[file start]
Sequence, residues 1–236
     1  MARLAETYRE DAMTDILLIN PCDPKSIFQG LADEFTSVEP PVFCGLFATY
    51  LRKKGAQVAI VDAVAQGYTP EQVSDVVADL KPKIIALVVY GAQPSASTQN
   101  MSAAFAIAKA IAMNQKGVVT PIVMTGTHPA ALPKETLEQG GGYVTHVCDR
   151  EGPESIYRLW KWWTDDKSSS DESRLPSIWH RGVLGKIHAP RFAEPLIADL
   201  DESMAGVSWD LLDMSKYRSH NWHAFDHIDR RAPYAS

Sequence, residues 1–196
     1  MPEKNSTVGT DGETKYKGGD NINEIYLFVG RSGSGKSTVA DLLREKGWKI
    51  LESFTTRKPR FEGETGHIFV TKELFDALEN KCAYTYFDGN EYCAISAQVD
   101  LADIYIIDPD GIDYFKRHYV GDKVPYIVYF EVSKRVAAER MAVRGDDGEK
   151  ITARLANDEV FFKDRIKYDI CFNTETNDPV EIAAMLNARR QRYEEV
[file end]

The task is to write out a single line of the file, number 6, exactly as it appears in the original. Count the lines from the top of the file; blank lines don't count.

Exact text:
   201  DESMAGVSWD LLDMSKYRSH NWHAFDHIDR RAPYAS